The fact that TestCafe only supports client-side applications is a disadvantage. It's also primarily intended to be an end-to-end and regression testing framework, and it's not well suited to automated unit testing javascript or integration testing. To summarise, TestCafe is a fantastic solution for testing any client-side JavaScript programs on a desktop or mobile device. Look elsewhere if you want server-side or mobile testing assistance.


Playwright, an open-source JavaScript-based test automation framework released by Microsoft in January 2020, is one of the newest JavaScript-based test automation frameworks available. Playwright offers testing in.NET C#, Java, and Python in addition to JavaScript, making it useful for developers that need to deal with several languages. Playwright supports all major current browsers, except Internet Explorer, and it may be used for both desktop and mobile testing.

Playwright's main disadvantage right now is that, because it's still young, it's continuously growing, and it doesn't have as many integrations as more established frameworks. The absence of compatibility for Internet Explorer, as well as the fact that Playwright requires a special browser that must be downloaded each time you wish to run a test, are also drawbacks. This takes time out of testing and prevents you from testing on the browser that your users are using. Finally, Playwright, like Puppeteer, requires manual integration with test frameworks such as Mocha, Jasmine, or Jest. 

To summarize, Playwright is a compelling option for cross-browser testing that is developer-friendly and supports many languages, including but not limited to JavaScript. You'll need a separate framework if you need to test for Internet Explorer. If you're concerned about having to deal with quickly changing APIs, you might want to wait for Playwright to mature more.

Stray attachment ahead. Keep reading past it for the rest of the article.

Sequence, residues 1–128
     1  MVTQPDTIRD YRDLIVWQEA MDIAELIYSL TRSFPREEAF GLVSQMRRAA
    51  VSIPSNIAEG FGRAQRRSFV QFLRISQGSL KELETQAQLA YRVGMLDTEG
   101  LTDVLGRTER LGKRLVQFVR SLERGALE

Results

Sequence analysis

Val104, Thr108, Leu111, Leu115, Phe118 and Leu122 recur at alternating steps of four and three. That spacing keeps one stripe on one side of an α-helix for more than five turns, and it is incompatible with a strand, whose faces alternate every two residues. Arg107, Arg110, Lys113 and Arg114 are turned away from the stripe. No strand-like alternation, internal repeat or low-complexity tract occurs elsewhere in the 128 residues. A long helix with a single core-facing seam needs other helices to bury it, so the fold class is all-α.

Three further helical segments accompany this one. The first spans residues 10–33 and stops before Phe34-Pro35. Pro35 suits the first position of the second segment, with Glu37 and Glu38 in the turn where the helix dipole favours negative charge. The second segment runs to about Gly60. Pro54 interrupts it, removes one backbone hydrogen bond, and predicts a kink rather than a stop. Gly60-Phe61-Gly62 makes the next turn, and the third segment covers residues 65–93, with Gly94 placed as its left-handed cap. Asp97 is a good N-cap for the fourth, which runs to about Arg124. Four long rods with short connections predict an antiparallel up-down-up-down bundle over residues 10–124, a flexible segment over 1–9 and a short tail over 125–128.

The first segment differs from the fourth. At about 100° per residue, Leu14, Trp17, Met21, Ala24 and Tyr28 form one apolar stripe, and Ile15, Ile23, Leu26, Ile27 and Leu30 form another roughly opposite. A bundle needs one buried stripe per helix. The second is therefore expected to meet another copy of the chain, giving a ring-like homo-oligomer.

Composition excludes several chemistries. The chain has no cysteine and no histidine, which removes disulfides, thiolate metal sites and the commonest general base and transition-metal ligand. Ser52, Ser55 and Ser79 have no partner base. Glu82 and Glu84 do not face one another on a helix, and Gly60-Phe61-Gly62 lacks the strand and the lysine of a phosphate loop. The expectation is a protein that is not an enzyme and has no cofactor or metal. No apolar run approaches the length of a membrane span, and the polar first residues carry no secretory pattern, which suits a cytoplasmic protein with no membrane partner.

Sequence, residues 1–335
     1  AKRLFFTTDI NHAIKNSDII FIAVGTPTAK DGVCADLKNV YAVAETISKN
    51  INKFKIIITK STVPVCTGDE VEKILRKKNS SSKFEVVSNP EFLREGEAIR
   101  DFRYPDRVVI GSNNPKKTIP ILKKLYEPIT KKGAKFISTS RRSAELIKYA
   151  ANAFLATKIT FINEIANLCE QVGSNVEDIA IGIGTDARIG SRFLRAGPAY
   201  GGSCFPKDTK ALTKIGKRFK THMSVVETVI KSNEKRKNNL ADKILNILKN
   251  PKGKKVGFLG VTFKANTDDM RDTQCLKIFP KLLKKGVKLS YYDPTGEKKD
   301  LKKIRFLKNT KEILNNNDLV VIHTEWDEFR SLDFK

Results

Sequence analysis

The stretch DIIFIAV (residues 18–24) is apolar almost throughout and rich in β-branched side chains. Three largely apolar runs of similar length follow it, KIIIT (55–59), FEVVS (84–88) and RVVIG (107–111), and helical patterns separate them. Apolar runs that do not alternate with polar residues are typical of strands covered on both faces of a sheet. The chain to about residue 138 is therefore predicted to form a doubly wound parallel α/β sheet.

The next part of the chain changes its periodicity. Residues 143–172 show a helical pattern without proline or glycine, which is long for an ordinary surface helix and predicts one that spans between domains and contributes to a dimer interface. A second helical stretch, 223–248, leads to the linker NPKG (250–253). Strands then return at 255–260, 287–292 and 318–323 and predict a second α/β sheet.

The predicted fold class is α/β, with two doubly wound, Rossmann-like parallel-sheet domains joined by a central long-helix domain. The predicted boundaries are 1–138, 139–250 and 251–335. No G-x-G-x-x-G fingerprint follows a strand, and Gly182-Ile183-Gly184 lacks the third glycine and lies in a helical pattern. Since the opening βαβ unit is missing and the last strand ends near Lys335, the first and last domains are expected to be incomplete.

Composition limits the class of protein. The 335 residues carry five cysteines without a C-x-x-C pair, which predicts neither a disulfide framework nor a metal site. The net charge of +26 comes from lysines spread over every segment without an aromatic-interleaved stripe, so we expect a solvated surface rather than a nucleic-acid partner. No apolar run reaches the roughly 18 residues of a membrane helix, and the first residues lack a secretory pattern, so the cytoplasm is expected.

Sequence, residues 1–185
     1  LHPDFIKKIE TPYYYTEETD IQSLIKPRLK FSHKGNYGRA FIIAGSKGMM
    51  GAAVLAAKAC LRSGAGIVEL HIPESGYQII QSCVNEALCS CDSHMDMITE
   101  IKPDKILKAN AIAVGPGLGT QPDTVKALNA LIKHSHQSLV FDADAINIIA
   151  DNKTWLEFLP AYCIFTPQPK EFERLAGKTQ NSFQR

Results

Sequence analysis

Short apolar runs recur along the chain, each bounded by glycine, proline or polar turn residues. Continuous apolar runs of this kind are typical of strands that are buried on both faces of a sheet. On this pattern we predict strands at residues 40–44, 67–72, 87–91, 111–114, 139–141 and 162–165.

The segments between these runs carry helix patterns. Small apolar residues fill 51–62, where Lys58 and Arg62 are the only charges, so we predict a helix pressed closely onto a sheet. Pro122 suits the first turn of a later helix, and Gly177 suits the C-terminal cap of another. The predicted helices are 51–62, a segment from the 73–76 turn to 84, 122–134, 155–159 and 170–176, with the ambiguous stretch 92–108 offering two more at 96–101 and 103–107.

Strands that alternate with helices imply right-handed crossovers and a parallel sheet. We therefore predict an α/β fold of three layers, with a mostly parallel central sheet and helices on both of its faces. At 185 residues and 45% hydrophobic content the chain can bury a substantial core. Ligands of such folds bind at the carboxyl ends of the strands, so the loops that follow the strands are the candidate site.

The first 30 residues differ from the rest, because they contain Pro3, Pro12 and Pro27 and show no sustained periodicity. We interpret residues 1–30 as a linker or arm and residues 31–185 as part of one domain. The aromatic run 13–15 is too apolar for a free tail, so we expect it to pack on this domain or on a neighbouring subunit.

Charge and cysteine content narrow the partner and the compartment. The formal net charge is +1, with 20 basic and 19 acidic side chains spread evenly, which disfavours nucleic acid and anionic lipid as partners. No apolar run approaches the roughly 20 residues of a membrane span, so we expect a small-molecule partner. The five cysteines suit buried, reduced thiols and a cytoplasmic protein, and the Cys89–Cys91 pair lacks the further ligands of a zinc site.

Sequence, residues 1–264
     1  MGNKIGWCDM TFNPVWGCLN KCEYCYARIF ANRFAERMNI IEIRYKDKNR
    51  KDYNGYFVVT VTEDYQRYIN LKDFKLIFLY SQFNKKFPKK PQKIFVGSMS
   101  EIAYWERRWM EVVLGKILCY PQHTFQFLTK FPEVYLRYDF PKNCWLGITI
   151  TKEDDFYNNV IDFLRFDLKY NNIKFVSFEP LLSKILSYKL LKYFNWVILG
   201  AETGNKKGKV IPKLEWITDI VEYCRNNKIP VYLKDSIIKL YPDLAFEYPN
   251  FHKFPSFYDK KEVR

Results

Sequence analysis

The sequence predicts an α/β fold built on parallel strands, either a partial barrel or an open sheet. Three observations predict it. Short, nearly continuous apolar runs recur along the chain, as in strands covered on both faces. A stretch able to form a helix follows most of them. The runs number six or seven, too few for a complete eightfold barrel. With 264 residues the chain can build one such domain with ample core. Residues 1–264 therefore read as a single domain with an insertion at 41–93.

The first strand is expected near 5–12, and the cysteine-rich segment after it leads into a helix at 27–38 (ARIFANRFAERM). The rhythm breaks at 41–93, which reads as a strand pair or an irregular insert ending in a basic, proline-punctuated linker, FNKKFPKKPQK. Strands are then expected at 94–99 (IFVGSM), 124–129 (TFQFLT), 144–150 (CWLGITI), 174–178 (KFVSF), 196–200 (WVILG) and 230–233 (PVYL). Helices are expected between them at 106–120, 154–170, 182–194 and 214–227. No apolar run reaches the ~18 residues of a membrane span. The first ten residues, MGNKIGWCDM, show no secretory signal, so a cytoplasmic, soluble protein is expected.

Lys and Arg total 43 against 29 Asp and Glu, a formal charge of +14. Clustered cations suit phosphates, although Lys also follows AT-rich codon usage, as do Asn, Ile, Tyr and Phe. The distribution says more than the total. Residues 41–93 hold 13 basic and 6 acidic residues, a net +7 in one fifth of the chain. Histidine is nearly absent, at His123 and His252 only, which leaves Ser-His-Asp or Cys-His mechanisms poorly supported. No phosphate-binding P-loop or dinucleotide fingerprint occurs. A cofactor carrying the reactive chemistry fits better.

If you enjoy Playwright but wish it was more stable and mature, try Puppeteer, which has been available in a stable version since 2018. Playwright's primary developers used to work on Puppeteer, and the two frameworks have a lot in common: they're both simple-to-use, JavaScript-first browser automation tools that specialize in desktop app testing.

Puppeteer's primary drawback is that it only fully supports Chrome and Chromium, preventing it from becoming a real cross-browser testing solution. However, owing to the collaboration between the Puppeteer team and Mozilla engineers, the Firefox nightly versions are now compatible with Puppeteer as well. 

Support for Puppeteer in stable Firefox versions is in the pipeline. To summarise, Puppeteer is the preferred test automation framework for Chrome and Chromium developers. Frameworks like Playwright give a comparable experience for cross-browser tests.


That's all we have to say from our end. We've included frameworks for testing specific framework-based web applications, as well as general programs for testing any JavaScript Test Automation application. Which one you should choose is dependent on your needs. 

Assess factors such as cross-browser compatibility, development framework, and development process to find the best fit for your needs. Finally, the greatest judgments on application design today are made by combining your expertise and the specifics of your application with generic patterns that are emerging in the highly active developer community.